January 11, 2011 11:01
Star director Park Chan-wook has released a new film entitled "Night Fishing." The film is a half-hour short shot on an iPhone 4 and a collaboration with his younger brother Chan-kyong.
"I missed making films without pressure of success as I've been making commercial films for some time," Chan-wook said at a press preview in Seoul on Monday. "I was especially delighted to make film with my younger brother."
Chan-kyong said, "Unlike my brother I've never had a real taste of success, so I hope it can be enjoyed by many."
Wireless operator KT, the exclusive distributor of iPhone in Korea, paid for a portion of the US$130,000 production cost of the half-hour film.
Park Chan-wook is famous worldwide, but his younger brother Park is still a novice in the movies. After majoring in painting at Seoul National University and photography at CalArts in the U.S., Park Chan-kyong has been working mainly as a media and installation artist.
"Night Fishing" is not the only film to be made with an iPhone. With sponsorship from KT, 12 film directors including Lee Joon-ik and Chung Yoon-chul made short films with the iPhone 4, and in the iPhone 4 Film Festival was held in October last year.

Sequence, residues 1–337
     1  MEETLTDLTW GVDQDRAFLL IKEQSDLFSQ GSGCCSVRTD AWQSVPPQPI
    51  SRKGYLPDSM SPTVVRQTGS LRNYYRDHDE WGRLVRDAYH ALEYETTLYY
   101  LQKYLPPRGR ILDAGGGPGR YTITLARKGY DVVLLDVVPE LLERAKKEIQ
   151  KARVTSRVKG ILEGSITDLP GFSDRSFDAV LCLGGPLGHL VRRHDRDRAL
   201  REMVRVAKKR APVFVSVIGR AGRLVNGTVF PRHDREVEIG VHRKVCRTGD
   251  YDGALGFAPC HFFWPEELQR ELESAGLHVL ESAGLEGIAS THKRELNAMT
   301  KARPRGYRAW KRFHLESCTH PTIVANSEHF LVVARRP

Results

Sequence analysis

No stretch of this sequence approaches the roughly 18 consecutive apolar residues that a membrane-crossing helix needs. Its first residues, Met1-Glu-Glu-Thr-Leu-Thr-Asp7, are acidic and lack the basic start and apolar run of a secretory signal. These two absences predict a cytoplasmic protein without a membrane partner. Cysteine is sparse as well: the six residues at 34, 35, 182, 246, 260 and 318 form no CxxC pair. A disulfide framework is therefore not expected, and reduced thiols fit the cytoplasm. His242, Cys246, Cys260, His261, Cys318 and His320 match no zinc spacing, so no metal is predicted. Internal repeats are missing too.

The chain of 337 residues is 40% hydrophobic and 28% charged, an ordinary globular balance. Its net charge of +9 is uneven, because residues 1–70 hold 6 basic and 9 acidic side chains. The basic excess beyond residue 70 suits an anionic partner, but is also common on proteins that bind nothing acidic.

Will audiences be suspicious that the film is just a marketing ploy? "I'm a commercial film director and producer [heading Moho Film], and I've been making films with external funding," Park Chan-wook said. "Although the source of funding and equipment is being highlighted at the moment, I think what matters the most is the film itself. I hope the audience can understand it as a nice pairing of new film capital and artist."
The picture quality is fairly good. Night scenes were shot in black and white to make up for the limitations of the video. Chan-wook said the decision was made "based on the technological limitations and aesthetic judgment."
"Night Fishing" alternates between fantasy -- a fisherman played by Oh Kwang-rok netting the body of shaman dressed in white played by Lee Jung-hyun -- and reality, where Lee performs a ritual for the drowned fisherman. It will be screened in some 10 CGV cinemas on Jan. 27.
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